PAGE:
The Singapore Prize Shortlist For 2009
A prestigious biennial award, the singapore prize seeks to celebrate the best works of fiction and non-fiction written by Singaporeans. The prize, named after Singapore’s first prime minister Lee Kuan Yew, recognises work in English, Chinese, Malay and Tamil.
This year’s shortlist includes novels that explore a range of themes – from the history of an estate in Singapore to the politics of detention. One of the books shortlisted, Sembawang by Kamaladevi Aravindan, explores a story of ordinary Singaporeans in the midst of the country’s political upheavals in the 1960s. This novel takes an alternative approach to the traditional view of history that is dominated by a selection of big movers and shakers, argues its author.
The winner of the competition will receive a cash prize of SGD1,000 and a book voucher worth SGD50, to be used in the Singapore Book Council’s bookstore. A jury will decide on the winner, which will be announced at a ceremony in August.
There are a wide variety of books submitted to the singapore prize every year. This year’s shortlist is a testament to this fact, as it has drawn a diverse mix of works ranging from historical fiction to creative non-fiction.
Some of the shortlisted titles include a story about a Singaporean who finds her life turned upside down after being caught up in a leftist political movement. Others focus on the lives of young people living in a slum and the impact of social media on the lives of ordinary citizens.
A novel that combines literary fiction with the history of an estate in Singapore, Sembawang, by Kamaladevi Aravindan, is up against a book called State Of Emergency by Jeremy Tiang, which traces the lives of an extended family through leftist movements and detentions across Southeast Asia. This novel focuses on ordinary people in a largely forgotten period, says National Institute of Education senior lecturer Anitha Devi Pillai, who translated the work from Tamil.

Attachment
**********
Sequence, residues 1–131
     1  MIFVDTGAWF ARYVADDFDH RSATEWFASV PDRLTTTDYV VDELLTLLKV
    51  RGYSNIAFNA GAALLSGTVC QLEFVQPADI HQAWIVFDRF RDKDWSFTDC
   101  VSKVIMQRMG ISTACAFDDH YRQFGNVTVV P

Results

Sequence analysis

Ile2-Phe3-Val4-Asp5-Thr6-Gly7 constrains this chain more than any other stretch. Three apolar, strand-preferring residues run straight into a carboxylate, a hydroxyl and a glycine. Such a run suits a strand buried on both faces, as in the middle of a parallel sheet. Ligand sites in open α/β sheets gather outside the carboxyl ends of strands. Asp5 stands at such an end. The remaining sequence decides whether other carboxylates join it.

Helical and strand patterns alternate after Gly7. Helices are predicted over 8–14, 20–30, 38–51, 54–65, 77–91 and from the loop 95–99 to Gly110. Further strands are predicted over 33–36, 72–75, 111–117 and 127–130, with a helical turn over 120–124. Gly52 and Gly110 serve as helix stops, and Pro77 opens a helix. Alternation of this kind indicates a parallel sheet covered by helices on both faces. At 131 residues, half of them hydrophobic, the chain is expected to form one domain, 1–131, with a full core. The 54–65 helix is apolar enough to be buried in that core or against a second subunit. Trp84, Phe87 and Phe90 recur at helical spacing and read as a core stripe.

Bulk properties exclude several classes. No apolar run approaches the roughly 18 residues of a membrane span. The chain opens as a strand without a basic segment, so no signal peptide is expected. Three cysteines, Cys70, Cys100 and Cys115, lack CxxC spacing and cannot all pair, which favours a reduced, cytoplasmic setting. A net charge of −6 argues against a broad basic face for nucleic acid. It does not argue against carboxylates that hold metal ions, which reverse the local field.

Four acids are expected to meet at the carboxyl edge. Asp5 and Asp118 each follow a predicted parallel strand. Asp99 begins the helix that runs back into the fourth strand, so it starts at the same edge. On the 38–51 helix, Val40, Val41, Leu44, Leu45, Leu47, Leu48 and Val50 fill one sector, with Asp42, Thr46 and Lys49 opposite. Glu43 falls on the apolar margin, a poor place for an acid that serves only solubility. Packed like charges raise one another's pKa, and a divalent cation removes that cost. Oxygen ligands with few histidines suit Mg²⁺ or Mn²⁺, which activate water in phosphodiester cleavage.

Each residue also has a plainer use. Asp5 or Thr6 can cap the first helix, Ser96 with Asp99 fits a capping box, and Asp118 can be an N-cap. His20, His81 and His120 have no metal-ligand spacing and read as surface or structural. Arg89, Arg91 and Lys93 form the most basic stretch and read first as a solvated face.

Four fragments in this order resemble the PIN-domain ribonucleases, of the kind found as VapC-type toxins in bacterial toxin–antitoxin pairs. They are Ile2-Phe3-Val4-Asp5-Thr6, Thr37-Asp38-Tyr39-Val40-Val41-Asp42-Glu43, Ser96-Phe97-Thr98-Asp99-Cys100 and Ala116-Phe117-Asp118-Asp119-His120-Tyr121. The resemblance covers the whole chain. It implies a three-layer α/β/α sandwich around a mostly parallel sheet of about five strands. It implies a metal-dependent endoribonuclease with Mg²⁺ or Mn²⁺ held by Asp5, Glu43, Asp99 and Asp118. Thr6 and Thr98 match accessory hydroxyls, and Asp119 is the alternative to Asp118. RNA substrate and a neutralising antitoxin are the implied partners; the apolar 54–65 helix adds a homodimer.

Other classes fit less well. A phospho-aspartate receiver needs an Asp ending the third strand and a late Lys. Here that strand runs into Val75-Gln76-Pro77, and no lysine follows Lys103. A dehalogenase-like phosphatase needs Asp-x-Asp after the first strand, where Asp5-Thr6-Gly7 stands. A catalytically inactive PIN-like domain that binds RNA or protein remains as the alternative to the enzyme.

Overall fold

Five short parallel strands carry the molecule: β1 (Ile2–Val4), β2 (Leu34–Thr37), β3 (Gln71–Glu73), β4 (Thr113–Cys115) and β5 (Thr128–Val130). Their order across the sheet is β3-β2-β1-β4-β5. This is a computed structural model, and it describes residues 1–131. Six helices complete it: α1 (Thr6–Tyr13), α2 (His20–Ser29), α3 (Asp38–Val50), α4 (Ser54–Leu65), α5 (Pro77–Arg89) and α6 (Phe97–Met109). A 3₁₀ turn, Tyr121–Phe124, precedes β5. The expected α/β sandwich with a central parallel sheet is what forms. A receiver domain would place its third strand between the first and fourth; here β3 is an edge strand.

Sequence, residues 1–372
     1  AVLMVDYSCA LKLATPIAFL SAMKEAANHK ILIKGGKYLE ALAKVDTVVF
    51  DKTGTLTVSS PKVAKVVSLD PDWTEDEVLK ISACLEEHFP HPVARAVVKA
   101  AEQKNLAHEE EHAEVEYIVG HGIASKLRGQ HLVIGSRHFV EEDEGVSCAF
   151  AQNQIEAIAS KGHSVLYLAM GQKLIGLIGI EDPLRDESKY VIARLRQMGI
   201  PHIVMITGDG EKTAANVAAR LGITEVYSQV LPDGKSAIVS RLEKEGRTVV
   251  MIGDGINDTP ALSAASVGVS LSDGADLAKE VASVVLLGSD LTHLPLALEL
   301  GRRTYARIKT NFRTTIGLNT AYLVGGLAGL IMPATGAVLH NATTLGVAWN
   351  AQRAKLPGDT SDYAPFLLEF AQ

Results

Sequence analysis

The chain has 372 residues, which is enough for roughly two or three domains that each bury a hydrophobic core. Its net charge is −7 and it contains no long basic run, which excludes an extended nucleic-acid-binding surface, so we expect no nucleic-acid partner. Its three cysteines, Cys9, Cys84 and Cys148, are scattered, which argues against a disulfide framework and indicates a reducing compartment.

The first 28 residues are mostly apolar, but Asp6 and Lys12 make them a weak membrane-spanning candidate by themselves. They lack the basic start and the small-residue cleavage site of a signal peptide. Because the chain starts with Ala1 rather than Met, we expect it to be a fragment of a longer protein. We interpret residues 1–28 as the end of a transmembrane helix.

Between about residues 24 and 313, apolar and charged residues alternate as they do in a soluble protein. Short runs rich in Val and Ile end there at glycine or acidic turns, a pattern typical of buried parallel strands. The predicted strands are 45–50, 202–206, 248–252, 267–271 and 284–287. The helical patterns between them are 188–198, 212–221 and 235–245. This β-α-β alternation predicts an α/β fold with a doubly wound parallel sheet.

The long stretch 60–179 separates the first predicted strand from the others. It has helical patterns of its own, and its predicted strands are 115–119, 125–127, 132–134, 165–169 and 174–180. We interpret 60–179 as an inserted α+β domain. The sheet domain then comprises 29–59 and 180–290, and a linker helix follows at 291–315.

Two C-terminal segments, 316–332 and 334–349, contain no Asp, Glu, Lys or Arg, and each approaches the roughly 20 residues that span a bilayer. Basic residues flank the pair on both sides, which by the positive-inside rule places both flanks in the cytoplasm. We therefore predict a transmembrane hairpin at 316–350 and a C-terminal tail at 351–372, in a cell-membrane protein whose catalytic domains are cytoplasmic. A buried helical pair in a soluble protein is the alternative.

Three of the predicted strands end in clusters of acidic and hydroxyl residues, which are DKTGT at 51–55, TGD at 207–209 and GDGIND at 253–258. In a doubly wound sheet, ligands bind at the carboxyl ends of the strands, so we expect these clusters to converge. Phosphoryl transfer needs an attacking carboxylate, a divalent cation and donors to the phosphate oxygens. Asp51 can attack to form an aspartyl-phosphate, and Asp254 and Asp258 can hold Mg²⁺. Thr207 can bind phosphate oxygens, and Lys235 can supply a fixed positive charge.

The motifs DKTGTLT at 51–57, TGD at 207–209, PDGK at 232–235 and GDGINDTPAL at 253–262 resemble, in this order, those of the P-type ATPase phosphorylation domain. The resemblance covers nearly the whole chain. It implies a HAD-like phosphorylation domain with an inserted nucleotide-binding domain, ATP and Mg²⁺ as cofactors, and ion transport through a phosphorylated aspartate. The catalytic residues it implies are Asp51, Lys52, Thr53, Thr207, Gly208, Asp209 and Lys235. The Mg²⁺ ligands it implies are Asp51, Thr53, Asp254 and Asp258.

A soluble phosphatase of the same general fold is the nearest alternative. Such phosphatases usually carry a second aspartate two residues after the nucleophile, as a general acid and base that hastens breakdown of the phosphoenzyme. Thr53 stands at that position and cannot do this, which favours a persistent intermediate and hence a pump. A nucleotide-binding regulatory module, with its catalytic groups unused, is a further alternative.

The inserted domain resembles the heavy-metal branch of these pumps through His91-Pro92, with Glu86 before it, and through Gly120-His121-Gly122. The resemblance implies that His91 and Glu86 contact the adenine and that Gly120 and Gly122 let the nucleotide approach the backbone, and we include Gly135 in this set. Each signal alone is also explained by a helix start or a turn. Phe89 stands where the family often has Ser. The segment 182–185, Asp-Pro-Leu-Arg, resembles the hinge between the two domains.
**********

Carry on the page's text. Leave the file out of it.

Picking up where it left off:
Another shortlisted book, A Floating World by Daryl Qilin Yam and Pan Zheng Lei (Pan Cheng Lui), tells the story of two men who are stranded in a migrant labour camp in Singapore during the 1970s. A group of volunteers help them navigate their way to freedom and, along the way, discover new friendships and a sense of belonging.
WOHA Architects have won the Lee Kuan Yew World City Prize for their Kampung Admiralty senior housing development in Singapore, designed to promote inter-generational bonding and encourage active aging. The 11-story structure features communal spaces and gardens, as well as pedestrian walkways linking each block.
In addition to the Lee Kuan Yew World City Prize, this year’s shortlist also included a series of other awards from both local and international design organisations. WOHA Architects’ Kampung Admiralty senior housing development, which was designed to foster inter-generational bonds and encourage active aging, won the President’s Design Award in July 2018.
There are a number of other prizes that can be won by those who partake in singapore pools games. However, some of these may be confusing to some players as each game has a different way of claiming the prize money.